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I am currently confused with the moment of non-homogeneous compound Poisson process and a Brownian Motion. I know that generally Poisson Process and Brownian Motion are independent if they are adapted to the same filtration. But what if the intensity of the Poisson Process and the Brownian Motion are correlated?

For example, we have a CIR process $dX(t)=\kappa_1\Big(\theta_1-X(t)\Big)dt+\sigma_1\sqrt{X(t)}dW_1(t)$, and a non-homogeneous compound Poisson Process $J(t)=\int_0^t\int_{\mathbb{R}^+}Q\mu(dx,ds)$, with a stochastic intensity $\lambda$ satisfies $d\lambda(t)=\kappa_2\Big(\theta_2-\lambda(t)\Big)dt+\sigma_2\sqrt{\lambda(t)}dW_2(t)$ (another CIR process), and its jump size $Q$ has a normal distribution $N(\mu_Q, \sigma_Q^2)$, the correlation coefficient between $W_1(t)$ and $W_2(t)$ is $\rho$, but the jump size is independent of them. BTW, $\mu(dx,ds)$ is a Poisson random measure, $\tilde{\mu}(dx,ds)$ is a compensated Poisson measure.

Question is, what exactly are the mixed moment of $X(t)$ and $J(t)$, i.e. $\mathbb{E}[X(t)J(t)]$, and $\mathbb{E}[X(t)\int_0^t\int_{\mathbb{R}^+}Q\tilde{\mu}(dx,ds)]$?

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  • $\begingroup$ What is the intensity measure in $x$ ? I guess your Poisson measure is $ \mu \sim P( \nu \otimes \lambda) $ where $ (\lambda_s)_s $ is your CIR process and $ \nu $ is to be defined. Since you integrate on $ x \in \mathbb{R}_+ $ it has to be integrable and cannot be the Lebesgue measure. $\endgroup$ – Synia Jul 31 '17 at 14:36
  • $\begingroup$ @Synia :Sorry for the ambiguity. If I understand you correctly, here I mean the intensity is $\lambda$, and $\lambda$ follows CIR process at the same time. While I take the other part of the Poisson random measure as a simple counting process. Should I ease the restriction of $x$ to $x\in\mathbb{R}$, so the jump size could be negative. $\endgroup$ – random demon Jul 31 '17 at 15:17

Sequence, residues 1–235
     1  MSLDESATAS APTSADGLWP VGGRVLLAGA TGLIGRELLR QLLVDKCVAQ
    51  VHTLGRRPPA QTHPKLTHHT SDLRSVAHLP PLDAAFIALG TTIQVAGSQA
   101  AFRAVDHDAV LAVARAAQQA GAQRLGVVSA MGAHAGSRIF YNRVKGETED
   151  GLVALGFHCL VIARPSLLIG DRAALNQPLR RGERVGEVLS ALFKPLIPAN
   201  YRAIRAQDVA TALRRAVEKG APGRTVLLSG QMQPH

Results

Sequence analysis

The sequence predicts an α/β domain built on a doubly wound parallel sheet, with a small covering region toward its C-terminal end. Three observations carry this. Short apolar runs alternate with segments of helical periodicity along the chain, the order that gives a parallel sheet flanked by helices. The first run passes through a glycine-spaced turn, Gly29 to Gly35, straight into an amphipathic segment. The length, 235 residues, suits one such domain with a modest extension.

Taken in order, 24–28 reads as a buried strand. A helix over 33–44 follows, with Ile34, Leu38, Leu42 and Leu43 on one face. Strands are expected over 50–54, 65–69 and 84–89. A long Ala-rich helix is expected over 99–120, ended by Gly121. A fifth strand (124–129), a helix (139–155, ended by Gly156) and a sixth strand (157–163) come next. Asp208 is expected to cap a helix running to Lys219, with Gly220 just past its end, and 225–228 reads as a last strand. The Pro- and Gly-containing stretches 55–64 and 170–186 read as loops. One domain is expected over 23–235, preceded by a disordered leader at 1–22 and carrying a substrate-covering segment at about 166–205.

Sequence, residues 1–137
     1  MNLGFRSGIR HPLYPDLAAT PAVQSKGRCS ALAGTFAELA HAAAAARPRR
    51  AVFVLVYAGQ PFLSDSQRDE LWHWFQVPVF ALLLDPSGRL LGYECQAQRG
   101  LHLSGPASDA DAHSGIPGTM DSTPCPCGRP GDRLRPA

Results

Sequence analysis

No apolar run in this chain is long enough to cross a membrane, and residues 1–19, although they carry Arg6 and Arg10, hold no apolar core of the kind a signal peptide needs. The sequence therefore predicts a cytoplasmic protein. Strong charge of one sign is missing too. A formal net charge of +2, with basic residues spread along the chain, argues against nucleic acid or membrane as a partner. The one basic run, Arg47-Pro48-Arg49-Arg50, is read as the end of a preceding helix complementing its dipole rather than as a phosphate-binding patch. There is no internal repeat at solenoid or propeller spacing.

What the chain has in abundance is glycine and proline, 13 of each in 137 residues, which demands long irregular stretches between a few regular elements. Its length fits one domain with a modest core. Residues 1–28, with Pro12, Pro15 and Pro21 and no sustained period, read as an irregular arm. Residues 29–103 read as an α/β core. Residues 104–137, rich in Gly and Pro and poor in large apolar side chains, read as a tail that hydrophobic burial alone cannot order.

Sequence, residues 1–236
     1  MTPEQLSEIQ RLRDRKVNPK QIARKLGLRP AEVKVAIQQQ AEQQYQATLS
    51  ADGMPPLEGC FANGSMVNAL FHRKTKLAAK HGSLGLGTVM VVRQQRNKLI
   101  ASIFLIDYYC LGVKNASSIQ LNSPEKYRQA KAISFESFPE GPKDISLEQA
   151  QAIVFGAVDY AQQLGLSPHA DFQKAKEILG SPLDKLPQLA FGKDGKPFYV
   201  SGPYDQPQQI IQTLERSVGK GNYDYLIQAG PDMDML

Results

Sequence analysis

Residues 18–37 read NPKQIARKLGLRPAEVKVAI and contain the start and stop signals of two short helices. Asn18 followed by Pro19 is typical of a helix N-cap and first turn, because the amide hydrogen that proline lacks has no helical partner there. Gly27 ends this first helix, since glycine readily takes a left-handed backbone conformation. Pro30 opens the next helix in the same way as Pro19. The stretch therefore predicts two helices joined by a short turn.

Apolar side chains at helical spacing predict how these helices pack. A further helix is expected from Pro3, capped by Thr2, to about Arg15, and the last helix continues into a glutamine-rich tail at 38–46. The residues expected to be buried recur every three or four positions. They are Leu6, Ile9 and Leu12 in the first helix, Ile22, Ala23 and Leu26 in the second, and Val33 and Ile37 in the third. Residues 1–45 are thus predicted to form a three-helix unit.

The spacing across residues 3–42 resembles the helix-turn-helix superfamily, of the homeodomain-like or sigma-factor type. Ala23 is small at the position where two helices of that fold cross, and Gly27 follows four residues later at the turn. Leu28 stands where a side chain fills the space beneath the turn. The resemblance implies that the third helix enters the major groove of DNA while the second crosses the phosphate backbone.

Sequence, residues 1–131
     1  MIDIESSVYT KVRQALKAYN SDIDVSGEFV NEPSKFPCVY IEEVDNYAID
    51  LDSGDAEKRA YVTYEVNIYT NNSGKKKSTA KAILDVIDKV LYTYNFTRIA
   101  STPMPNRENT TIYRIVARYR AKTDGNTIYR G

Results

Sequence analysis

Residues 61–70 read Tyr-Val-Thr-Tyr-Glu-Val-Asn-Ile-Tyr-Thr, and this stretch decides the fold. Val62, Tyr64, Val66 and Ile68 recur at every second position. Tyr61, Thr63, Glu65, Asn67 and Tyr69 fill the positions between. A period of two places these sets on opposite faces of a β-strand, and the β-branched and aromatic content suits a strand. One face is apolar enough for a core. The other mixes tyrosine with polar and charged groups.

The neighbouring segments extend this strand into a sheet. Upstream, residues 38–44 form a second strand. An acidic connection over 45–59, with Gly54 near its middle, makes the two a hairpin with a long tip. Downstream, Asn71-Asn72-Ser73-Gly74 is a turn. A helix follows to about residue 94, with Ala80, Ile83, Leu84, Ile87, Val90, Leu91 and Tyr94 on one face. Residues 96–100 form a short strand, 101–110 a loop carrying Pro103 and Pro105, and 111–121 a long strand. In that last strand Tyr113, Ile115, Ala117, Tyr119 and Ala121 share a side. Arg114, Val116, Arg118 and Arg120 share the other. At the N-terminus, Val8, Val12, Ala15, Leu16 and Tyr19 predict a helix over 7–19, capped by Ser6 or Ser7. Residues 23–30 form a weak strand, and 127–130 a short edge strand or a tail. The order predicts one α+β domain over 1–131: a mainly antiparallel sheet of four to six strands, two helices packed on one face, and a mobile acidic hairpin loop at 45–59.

• $\begingroup$ I was just asking what was this other part that I call $ \nu $. Seemingly, this is the counting measure (but hopefully, on a compact set, since you want $ \nu(\mathbb{R}_+) < \infty $). $ \mathbb{R} $ or $ \mathbb{R}_+ $ is not a problem. $\endgroup$ – Synia Jul 31 '17 at 15:21
  • $\begingroup$ @Synia : thanks for your comments. First time ask questions and I am happy to make it clearer. $\endgroup$ – random demon Jul 31 '17 at 15:37
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This is only a partial answer, as the computations can become quite involved.

We have $$ \mathbb{E}( X_t J_t ) = \mathbb{E}\left( X_t Q \int_{ \mathbb{R}_+ \times [0, t] } d\mu \right) = \mu_Q \mathbb{E}\left( X_t \int_{ \mathbb{R}_+ \times [0, t] } d\mu \right). $$ by independence of $Q$ with the other processes.

By conditioning on $ \mathcal{F}_t = \sigma(W_1(s), s \leqslant t)\otimes \sigma(W_2(s), s \leqslant t) $, we have $$ \mathbb{E}( X_t J_t ) = \mu_Q \nu(\mathbb{R}_+) \mathbb{E}\left( X_t \lambda_t \right). $$

The problem is now to understand the product of two CIR processes. An application of Itô formula gives $ d(X \lambda) = X d\lambda + \lambda dX + d\langle X, \lambda \rangle $ and $ \langle X, \lambda \rangle_t = \rho \sigma_1 \sigma_2 \sqrt{X(t) \lambda(t) } dt $. The problem lies in the $ (\theta_1, \theta_2) $. If these parameters are equal to $0$, you get the squared Bessel process which has a semi-group property. Here, you have correlated BM ; expressing the product $ XY = Z $ as a solution of the same SDE seems complicated with $ \theta_i \neq 0 $.

Possible attacks: